Local engineer invents cash sanitizer
A long time Picayune resident invented a machine that sanitizes paper money using ultraviolet light.
While it’s a prototype, and as such can treat two bills at a time at a rate of about 35 seconds per pair, it is in use in a local bank. The inventor, Roland Kleinfled, also runs a tool supply business down the street from the bank where it is being used.
First National Bank of Picayune staff at the East Canal Street location use the machine daily, but since it is a prototype and works slowly, it’s not used to treat every bill that comes through the bank, said President and CEO David Hemeter.
“First National Bank is extremely pleased that Mr. Kleinfield has allowed us to use his machine to sanitize currency,” Hemeter said in a written statement.
Kleinfeld said he got the idea to make the machine while watching television a couple of months ago when an individual claimed that such a machine could not be made.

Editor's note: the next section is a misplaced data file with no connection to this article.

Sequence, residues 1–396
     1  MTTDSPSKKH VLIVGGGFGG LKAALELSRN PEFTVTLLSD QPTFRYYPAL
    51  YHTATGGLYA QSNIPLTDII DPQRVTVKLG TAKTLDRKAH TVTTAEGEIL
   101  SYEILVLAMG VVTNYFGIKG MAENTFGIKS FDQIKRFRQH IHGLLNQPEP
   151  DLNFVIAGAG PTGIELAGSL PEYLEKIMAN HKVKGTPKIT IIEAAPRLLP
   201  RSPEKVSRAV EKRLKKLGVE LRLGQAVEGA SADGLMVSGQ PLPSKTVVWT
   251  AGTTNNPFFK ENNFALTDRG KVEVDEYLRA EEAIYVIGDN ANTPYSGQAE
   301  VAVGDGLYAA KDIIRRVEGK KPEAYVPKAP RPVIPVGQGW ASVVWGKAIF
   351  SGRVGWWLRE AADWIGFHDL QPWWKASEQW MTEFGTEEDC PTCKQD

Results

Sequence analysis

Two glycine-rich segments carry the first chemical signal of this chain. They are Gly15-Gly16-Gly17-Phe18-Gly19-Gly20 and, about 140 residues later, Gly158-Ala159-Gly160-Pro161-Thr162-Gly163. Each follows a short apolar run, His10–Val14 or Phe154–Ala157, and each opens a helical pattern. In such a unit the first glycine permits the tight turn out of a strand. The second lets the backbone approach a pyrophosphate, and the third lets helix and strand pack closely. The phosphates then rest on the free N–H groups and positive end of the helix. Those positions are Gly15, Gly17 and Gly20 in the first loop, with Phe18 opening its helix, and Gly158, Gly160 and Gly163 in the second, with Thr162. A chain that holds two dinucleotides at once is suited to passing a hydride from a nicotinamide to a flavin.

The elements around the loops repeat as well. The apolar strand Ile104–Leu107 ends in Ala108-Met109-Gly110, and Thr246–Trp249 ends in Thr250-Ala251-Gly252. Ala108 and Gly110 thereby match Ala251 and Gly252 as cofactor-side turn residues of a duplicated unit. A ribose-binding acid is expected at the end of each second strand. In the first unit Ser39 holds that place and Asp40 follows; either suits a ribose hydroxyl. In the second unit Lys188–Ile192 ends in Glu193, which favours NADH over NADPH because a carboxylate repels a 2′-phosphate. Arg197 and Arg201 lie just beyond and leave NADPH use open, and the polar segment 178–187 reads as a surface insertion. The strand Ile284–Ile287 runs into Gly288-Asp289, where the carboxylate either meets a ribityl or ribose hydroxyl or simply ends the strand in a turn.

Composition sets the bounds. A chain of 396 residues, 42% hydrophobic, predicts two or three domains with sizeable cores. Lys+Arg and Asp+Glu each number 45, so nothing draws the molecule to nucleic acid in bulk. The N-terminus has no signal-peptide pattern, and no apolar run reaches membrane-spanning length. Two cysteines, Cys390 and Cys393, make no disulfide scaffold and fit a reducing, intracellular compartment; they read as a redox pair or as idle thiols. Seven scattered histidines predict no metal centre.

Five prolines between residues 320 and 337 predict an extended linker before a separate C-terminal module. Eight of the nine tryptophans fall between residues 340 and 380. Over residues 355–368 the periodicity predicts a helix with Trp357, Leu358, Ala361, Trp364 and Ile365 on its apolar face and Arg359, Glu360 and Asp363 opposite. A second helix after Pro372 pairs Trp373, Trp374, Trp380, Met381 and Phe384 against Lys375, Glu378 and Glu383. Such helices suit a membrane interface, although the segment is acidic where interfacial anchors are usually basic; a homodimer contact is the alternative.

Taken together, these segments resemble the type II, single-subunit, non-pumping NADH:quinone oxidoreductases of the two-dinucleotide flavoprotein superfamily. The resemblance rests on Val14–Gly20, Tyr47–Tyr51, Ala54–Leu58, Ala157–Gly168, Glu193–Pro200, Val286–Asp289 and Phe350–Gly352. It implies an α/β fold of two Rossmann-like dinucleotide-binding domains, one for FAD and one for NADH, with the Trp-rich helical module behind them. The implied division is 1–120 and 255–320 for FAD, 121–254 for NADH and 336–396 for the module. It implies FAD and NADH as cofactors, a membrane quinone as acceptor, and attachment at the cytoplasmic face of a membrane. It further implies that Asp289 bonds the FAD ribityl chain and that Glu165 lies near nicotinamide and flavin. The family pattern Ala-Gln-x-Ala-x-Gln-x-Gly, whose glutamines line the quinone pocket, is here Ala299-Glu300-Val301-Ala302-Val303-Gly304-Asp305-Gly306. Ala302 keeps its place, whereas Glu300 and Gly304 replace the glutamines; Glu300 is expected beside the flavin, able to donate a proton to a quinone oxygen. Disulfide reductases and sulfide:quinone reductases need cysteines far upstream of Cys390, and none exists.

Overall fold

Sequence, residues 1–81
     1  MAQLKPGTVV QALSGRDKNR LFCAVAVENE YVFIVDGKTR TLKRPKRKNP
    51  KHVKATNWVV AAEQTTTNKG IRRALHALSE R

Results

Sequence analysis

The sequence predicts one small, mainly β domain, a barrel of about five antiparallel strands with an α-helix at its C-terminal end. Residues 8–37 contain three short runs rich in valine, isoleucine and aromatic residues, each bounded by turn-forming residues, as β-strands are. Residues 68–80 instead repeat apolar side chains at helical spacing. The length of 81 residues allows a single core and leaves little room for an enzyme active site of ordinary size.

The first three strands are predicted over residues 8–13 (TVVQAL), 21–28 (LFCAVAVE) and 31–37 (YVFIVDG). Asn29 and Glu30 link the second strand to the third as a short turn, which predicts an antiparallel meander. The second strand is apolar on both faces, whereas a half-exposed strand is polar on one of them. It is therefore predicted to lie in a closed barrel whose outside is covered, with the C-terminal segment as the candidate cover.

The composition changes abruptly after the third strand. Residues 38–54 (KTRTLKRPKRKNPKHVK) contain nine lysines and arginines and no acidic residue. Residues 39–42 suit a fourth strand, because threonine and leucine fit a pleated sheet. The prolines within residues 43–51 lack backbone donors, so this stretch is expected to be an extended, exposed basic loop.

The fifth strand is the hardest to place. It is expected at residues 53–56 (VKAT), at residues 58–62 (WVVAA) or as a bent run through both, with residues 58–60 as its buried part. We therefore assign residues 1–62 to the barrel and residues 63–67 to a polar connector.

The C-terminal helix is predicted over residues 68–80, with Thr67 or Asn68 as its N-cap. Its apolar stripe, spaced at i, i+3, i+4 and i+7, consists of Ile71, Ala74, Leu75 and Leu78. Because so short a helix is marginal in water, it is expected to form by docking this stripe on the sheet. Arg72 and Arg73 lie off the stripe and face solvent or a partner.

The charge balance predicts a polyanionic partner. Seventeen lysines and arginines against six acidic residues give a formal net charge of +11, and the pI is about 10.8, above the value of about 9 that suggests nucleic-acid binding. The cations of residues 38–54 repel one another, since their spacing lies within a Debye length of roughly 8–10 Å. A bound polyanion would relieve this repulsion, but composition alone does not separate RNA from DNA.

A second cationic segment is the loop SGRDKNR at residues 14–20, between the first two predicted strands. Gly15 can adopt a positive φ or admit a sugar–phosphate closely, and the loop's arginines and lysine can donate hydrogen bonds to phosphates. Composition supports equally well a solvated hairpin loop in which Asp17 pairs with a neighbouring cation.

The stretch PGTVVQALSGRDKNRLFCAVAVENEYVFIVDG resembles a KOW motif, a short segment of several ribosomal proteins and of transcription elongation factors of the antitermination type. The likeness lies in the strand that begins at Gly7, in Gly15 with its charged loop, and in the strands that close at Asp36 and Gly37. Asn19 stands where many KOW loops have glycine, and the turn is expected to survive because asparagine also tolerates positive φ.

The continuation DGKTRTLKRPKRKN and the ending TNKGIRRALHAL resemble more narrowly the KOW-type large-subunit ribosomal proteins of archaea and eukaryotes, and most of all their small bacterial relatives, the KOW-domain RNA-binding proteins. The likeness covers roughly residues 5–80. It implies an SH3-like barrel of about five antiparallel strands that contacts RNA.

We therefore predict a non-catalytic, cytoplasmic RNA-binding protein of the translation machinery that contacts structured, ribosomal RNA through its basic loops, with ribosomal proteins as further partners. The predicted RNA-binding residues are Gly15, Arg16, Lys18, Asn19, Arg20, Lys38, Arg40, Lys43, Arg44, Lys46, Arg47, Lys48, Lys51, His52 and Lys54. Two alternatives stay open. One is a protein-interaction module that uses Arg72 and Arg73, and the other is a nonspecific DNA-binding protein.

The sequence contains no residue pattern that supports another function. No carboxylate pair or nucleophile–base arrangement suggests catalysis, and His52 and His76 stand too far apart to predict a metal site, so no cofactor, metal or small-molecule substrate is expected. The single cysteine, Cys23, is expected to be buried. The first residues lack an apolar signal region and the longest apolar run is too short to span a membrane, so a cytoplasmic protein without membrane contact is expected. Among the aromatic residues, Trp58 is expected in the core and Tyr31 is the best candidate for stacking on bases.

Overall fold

To meet that challenge, Kleinfeld used three old laminating machines and four ultraviolet bulbs mounted on the top and underside of the machine. Utilization of the machine is as simple as pushing a bill through one side of the motorized device, which does the rest. The money is pulled through the machine at a slow enough rate to allow the light to hit the bills and kill any contaminants.
With a background in engineering, Kleinfeld said it only took about a month to build the machine. He also has military experience as a German translator for the Army, time at Curtiss-Wright Nuclear in Canada and was involved in testing for nitrogen oxide effluent at Stennis Space Center for several weeks in 1970. During his time at Stennis he said he met his second wife and made Picayune his home.
His diverse background allowed him to see that there is the potential for viruses such as COVID-19 to be transferred via paper money, resulting in his interest to create the machine.